Mother lifts the flap, steps into the wikwam and then holds the flap open for me to follow her. When I was also inside, she let the flap back down which shut out the daylight. Except for a very dim light coming in from the smoke hole above, it was dark inside and it takes my eyes a long time to adjust to this darkness.
Just as my eye are becoming accustom to the darkness, a voice comes from someone sitting on a mat across the wikwam, who says, ksi meshake (please, be seated).
I sit down on a mat next to the fire pit, then turn to look at my mother who moves back to the entrance of the wikwam, unrolls a mat and sits down there. I wait quietly for what seemed to be an eternity before White Wolf next speaks.
Nquistook schachackaptonen kiluwa pendaquot wiwundhakamik kikeyin najundam alluns machtenalittin wentschiwoak kikeyin (My son what I have to tell you was told to me when I had achieved the age to carry arrows into battle, just as you now have also achieved this age). Nanneleu juke wulipendamen, meschatamen, wisaschin alluns ngutti najundam alluns ches (That is the way of it for you, it is now time for you to hear well, remember and carry these words as one carries arrows in a skin quiver.)
Alluns Mochimsunga Wundamawachtowagan aptonen Lenni Lenape (These words are a message from our forefathers spoken to all the people). Alluns wuhhala sakima lenape juke quischimawan sakima weski (These words are to be preserved by the story keeper of the people until it is time to appoint the next story keeper).
Matta juke sakima meken alluns Matta juke quischimawan sakima weski (Even so, it is now time for the story keeper to surrender the words, and it is now time to appoint a new story keeper.)
Lenape Wdellewunsowagan muchomes nochan milit Wapsu Timmeu, wachtuchwepiwo wdellewunsowagan Olsittam. (The name given me by my great grandfather is White Wolf, but my own chosen name is One Who Believes). Wdellewunsowagan muchomes nochan Mashipacong sakima lenape chweli tpoquik. (The name of my great grandfather is Mashipacong and he was story keeper of the people many, many moons ago.) Mashipacong meden alluns ndelli meken kepoak. (Mashipacong gave me the words, the same words that I am now entrusting to you.)
Elangomellan, Nguttitehen n′mis untschi Wundamawachtowagan (My Friend, be of one heart and mind with me concerning this declaration.)

White Wolf tells his Stories
Machipacong mehittachpin pommauchsin Lenapehoking, majawat nachkala mecheli tpoquik (Mashipacong was born during the time the Lenape people lived in their homeland, the only home that our people had know for countless moons). Elemokunak wengup schowonack lenapehoking, elemokunak kitschii nhakewelendamoagan wiakipuin, machque mattameechen chwelhammok wulatenamogan (This were the days before the white man came to our home, it was the time of great hope, during which we lived our days and nights with an abundance of food, when there were bear tracks crossing many deer tracks and the band of happiness was worn by all the people.) Tapemi poquiechen alluns lenni lenape, Unalachtigo, wihitawemguppanil pommauchsin Mashipacong (This was the time of the broken arrow people, the turkey clan, who were of the Lenni Lenape who had lived in the same day of Mashipacong.)
Gischquik, achpineen sihunasu linnilenape, cheli mindawelendam (Now, we are a conquered nation of people and many of our people have become dejected, full of sorrow because of our plight lacking any hope. Schingaluet schingalgussowagan taktauntschi Lenapehoking, attaihaschi guttgennemen Lenape. (Our conquers have exiled our people from our homeland, never to return it to us.)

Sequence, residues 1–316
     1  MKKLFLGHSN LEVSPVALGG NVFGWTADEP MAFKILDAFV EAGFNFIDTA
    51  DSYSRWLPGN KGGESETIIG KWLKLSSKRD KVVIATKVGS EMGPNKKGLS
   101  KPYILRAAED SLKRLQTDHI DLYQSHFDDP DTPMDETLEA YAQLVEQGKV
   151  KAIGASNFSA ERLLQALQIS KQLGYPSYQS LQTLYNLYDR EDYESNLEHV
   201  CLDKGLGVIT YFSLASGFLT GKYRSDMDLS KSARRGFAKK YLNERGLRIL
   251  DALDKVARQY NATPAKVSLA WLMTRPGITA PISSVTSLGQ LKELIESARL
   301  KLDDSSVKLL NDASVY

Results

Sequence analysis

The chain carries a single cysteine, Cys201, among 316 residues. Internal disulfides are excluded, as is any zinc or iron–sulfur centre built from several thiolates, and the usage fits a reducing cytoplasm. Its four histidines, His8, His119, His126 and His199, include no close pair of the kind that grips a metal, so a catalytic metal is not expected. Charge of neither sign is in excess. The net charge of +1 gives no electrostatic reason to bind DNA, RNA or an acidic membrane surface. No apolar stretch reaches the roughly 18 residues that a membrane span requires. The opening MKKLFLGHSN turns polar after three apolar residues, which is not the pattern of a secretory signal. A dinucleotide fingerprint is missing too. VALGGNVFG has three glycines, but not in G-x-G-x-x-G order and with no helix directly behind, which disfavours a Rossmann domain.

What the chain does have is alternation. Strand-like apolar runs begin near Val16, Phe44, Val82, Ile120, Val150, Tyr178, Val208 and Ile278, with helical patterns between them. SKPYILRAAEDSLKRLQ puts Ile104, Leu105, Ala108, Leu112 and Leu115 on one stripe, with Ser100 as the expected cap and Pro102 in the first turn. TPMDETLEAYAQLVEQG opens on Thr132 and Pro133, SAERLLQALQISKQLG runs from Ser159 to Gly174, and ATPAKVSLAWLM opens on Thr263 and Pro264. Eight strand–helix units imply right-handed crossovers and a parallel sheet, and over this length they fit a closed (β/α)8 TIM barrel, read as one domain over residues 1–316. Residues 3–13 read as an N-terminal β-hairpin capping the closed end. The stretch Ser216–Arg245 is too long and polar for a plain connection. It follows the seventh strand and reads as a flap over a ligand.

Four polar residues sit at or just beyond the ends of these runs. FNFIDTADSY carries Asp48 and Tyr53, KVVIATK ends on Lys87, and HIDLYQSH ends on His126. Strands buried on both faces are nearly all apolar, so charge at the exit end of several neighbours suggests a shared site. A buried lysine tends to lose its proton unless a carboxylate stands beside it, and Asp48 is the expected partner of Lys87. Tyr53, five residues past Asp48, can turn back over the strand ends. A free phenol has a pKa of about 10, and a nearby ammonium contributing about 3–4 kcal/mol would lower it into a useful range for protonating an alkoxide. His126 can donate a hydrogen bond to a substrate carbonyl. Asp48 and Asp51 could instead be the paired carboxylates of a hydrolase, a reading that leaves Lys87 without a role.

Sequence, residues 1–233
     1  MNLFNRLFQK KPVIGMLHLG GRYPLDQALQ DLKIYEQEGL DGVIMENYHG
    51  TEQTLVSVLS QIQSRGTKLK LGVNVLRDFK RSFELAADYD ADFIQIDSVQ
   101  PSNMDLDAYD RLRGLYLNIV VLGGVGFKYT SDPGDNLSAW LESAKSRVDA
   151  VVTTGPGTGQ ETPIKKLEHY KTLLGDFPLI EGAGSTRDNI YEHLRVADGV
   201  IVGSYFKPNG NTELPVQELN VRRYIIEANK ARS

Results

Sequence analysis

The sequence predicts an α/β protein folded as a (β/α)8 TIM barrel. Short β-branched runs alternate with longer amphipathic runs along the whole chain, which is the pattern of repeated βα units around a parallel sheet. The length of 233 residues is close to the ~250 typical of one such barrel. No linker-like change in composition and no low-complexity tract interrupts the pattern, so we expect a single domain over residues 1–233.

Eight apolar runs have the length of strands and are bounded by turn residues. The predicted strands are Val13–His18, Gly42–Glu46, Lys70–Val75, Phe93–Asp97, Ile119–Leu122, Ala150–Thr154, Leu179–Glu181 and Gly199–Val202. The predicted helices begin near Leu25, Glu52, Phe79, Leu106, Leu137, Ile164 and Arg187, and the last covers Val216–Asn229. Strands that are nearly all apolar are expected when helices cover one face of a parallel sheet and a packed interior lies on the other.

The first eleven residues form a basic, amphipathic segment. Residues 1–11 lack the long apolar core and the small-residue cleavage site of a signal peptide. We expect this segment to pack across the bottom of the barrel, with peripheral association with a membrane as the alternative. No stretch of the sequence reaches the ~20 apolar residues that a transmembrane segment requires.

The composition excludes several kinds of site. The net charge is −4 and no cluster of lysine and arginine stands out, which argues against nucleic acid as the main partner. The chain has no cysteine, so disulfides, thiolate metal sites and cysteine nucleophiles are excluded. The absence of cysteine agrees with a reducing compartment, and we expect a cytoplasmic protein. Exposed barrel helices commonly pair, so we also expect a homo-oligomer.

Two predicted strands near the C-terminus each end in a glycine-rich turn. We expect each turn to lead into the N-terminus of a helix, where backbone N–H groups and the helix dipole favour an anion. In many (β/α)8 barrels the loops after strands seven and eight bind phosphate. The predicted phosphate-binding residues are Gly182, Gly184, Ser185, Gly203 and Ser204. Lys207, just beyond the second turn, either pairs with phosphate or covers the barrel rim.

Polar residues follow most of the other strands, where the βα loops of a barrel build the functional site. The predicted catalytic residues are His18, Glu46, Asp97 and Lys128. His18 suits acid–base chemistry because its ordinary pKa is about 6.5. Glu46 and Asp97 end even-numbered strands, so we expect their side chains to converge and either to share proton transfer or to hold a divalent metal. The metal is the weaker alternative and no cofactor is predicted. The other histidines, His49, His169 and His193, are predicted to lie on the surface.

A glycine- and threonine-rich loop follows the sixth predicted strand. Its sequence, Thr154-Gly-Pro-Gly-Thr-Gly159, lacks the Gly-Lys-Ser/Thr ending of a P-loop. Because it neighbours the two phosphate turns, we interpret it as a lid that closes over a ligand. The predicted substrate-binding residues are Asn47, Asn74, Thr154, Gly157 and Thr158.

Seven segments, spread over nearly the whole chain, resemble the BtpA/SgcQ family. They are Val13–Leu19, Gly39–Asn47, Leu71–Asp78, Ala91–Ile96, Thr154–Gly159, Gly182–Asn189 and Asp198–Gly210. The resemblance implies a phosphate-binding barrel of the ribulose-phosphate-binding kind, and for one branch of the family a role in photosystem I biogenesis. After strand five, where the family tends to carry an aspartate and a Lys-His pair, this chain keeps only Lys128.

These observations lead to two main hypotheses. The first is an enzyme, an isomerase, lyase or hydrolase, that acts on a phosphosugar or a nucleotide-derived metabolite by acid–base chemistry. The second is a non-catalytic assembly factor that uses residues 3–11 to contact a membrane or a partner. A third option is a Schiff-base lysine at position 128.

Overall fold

The Story Keepers
These stories were told to White Wolf by his grandfather and they both were story keeper. The stories were passed down from one story keeper to the next story keeper and this passing of the stories has continued for many many moons ago, more moons than can be remembered, even many life journeys.

The First Journeys Go Down Go Up
SANDY OJAWASKO was born and grew up on a farm in Caddo county near the village of Washita, Oklahoma. Her parents are members of the Delaware tribe, and live in the western area of the tribal lands near the Washita river.
One of our first journeys was for Craig and myself, both upon our own mounts, to travel from our home in Washita, to where his Great-grandfather lived so that we might ask him for permission for the two of us to marry.
For me, this was a very long trip but to Craig, he had been there so many times that he made it feel to me like it was a much shorter journey.

The Wayƒaring Begins Go Down Go Up
CRAIG, TOGETHER with his beloved wife Sandy, who like so very many of their people before them, have now taken it to heart and chosen to become wayfarers upon their life journey and doing so by traveling to the Lenape homeland located in the eastern mountains of the North American continent, a place known as Lenapehoking.
Much like the original journey taken by the Lenni Lenape to that homeland which began countless moons ago, even many life journeys ago, now both Craig and Sandy Ojawasko have chosen to take up their personal wayfaring journey to their homeland.
Too, they have decided to take this journey to continue in what their recent ancestors had done for a large portion of their lives when they migrated from Lenapehoking to walk west and find a new home, which migration led them to the home, now located in western Oklahoma and other settlements on this continent.
His parents called Craig, Wulamoc, an old Lenape word meaning One who speaks Truth. As a youth, he chose the name Craig because he felt it would be much easier for his piers to pronounce. Further, in Lenape culture, it is common for one to take a new name to use for oneself so as not to share their real name. This is so because in the past, many Lenape believed that when an enemy knows your name, he could gain special power over you.

Ojawashko is an Algonquin name, pronounced uh-ge-wash-cu, which comes from the Algonquin word for blue.